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UV-unwrapping a cone


anselm Hexicola
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Not familiar with the new way of adding images, so my post was truncated.

(Here is the rest of what I THOUGHT I had posted.),

Below is what I would prefer:-



Admittedly there IS squashing of the outer-most faces, but I prefer this general arrangement because the Top and Bottom edges are on the same respective y-axis position. ( Thought being that it makes more sense for Texture application.)

As usual, I am just trying things out; I have no depth in 3-D modelling, but would welcome other's tips and advice.

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You can go one better than your second version.  Unwrap your conical section, then select one of the faces and align its edges in the UV map with the X and Y axes, so that it's a rectangle instead of a trapezoid.  Then select all faces and unwrap a second time, using the Follow Active Quads option.  You'll get a map that looks like this:



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Yes, that "Follow Active Quad"  option is a great time-saver; I started using it a few months back - wish I had learnt to use it 2 years ago!

Anyway, your unwrap has the virtue of tidy tiling, but it will still necessarily give distortions of scale with texture.

I tried to do another version of my "scaled" unwrap:-



It preserves scale but of course does not tile.

I applied an (albeit fuzzy) honeycomb texture to 3 cone sections:-

On this view, No.2 has the b

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You're either going to have a seam, or you're going to have distortion, there's no third option without either (unless you want to talk about 3d painting and/or baking of textures :)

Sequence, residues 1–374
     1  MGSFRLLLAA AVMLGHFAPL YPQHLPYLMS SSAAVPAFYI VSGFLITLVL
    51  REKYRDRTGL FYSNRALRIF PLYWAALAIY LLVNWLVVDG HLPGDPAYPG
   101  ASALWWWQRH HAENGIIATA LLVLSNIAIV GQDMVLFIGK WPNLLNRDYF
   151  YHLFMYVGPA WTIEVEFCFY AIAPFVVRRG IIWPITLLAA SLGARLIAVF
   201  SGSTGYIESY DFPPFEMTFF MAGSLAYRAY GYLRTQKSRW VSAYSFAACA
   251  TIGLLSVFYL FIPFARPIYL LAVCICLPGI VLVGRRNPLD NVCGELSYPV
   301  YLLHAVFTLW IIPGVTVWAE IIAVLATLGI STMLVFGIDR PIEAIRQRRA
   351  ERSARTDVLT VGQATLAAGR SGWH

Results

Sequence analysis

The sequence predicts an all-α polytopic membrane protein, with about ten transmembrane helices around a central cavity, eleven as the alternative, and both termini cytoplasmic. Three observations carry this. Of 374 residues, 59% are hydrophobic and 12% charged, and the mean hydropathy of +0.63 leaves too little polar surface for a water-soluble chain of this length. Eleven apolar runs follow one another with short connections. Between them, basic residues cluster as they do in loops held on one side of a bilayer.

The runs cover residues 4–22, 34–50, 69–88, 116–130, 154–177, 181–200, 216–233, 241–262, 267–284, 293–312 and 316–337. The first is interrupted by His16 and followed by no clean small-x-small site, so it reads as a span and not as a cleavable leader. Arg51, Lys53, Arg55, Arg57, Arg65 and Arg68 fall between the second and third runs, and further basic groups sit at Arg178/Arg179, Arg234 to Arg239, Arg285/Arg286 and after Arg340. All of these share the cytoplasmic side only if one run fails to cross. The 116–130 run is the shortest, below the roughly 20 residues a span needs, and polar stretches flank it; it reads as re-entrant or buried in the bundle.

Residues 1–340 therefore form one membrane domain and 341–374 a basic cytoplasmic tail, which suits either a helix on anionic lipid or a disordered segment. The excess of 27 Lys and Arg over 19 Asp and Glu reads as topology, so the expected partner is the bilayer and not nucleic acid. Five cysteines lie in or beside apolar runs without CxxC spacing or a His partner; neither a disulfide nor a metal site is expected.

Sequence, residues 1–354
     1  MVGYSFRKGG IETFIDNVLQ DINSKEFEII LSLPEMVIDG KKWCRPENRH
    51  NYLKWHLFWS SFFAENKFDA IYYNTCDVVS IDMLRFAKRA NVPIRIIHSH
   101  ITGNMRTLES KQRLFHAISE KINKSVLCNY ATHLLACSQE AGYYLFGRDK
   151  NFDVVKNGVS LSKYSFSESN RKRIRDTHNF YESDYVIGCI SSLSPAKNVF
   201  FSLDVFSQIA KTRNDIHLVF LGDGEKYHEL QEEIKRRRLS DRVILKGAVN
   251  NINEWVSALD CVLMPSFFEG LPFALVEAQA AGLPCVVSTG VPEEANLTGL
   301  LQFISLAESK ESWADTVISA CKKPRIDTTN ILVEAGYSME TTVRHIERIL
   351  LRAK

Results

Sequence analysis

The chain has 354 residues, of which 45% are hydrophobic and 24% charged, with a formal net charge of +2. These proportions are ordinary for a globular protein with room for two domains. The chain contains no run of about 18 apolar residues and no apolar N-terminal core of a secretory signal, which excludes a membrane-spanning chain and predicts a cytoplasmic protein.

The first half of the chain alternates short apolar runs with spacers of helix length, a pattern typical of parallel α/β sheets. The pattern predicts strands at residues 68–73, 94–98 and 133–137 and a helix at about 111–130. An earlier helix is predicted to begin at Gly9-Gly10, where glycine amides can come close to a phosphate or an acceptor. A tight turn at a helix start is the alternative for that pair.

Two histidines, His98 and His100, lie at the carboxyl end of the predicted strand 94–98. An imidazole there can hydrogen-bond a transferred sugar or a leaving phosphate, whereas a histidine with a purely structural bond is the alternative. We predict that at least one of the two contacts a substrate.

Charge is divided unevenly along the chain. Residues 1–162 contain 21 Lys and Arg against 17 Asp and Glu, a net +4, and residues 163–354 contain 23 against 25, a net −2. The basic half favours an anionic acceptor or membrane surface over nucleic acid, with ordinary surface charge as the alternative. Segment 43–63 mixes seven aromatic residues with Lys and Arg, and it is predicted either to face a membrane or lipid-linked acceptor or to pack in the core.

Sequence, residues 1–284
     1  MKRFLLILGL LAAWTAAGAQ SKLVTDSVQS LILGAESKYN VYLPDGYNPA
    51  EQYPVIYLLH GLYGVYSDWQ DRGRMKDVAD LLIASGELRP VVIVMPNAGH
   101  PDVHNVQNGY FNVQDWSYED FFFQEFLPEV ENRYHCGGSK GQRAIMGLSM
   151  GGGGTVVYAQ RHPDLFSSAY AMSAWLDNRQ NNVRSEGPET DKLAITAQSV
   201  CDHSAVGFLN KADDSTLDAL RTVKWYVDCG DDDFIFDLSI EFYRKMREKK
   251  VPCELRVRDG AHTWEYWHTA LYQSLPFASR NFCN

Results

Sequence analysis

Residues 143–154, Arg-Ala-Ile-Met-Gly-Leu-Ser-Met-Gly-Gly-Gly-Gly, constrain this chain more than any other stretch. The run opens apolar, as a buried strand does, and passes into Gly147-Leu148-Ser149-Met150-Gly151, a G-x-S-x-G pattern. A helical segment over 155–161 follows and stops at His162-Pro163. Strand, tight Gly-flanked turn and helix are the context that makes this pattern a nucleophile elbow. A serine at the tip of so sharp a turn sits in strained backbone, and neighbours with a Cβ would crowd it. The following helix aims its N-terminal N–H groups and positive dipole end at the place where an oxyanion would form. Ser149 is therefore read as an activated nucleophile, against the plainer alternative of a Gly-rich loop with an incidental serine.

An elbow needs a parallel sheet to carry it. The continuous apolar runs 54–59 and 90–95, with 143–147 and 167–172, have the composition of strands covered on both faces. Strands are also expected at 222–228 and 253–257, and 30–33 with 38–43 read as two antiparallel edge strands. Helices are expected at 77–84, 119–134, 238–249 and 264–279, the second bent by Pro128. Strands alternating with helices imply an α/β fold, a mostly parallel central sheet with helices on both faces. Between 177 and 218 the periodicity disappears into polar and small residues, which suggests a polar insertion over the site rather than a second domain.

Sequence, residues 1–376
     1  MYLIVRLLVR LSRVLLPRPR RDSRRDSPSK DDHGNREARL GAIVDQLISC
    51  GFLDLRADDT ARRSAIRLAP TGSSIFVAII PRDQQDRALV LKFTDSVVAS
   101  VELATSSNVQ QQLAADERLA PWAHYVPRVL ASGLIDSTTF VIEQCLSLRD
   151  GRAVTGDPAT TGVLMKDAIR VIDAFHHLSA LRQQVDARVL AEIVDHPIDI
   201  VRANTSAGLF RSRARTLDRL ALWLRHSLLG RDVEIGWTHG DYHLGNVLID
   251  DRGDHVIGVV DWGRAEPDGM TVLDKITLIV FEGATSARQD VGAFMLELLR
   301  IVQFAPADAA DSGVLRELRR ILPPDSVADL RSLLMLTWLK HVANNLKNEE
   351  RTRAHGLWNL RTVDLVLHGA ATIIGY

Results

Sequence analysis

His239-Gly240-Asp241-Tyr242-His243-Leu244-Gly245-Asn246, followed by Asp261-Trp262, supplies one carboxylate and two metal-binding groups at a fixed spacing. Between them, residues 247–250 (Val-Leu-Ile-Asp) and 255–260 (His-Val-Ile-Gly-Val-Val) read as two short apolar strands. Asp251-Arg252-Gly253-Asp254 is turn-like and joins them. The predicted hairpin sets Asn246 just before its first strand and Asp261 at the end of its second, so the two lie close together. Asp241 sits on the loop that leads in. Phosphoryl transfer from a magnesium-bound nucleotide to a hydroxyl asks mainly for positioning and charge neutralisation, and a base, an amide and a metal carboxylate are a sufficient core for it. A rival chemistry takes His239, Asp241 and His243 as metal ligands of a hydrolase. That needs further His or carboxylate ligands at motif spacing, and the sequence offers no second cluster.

I would personally go with Rollig's version, because a) I prefer a little distortion over seams, and b) its a more efficient use of UV space, which means less texture waste.

It's also worth bearing in mind that  distortion will be more or less of a problem depending on the type of texture.

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Yep, I would have used Rolig's version also putting other parts of the lamp (or whatever) in the same map to use as much of the texture plane as possible and save download.

 

IF you were using a small overall texture and especially if you were using cycles render so you could easily adjust said fine grain texture, then you could likely use another method. Be careful (that means test) exactly where you line up the edges. Sometimes if you put them ALL the way to the edge you will get a dark line when viewed from any kind of distance.

 

And if you are actually going to use the dots as you show (honestly, I mostly looked at the screenshots LOL) I too vote for distortion over seam.  Frequently we have to make choices and frequently there is no perfect answer.

I DO hate seams though.

 

ANOTHER choice would be to do an overhead "project from view" with NO seam at all and then adjust the propotions to match your cone (that is bring the center circle in so there is more "length" than there would be on a projected overhead view. This would completely get rid of the seam and in SOME cases likely be the best choice. Again, it depends a LOT on the texture you are using.

Good luck.

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I don't think you can ever get the effect you are looking for from the planar honeycomb texture you are using. It will always give you either distortions or seams or both. I ams assuming you want nice regular rings of equally spaced cells. To map these onto a cone, what you need is circular rings with numbers of cells proportional to the radius. Then you can use the overhead projection UV map to get ir seamlessly applied. Here are two examples.



The top one uses rings of circles. That's easy to make, and the rings are correct, but the component circles are distorted into ellipses. So we can do better, at the bottom, by using rings of ellipses that compensate for that distortion. Here are the two textures.



And here is the uv map on top of the ellipse texture. The texture was simply made by using the spin tool on a mesh circle that was first stretched into an ellipse. Then an array mdifier was applied, and spin with n=5 x ring number. A screen capture from above (orthographic view) was modified in Gimp to get the final texture.



 

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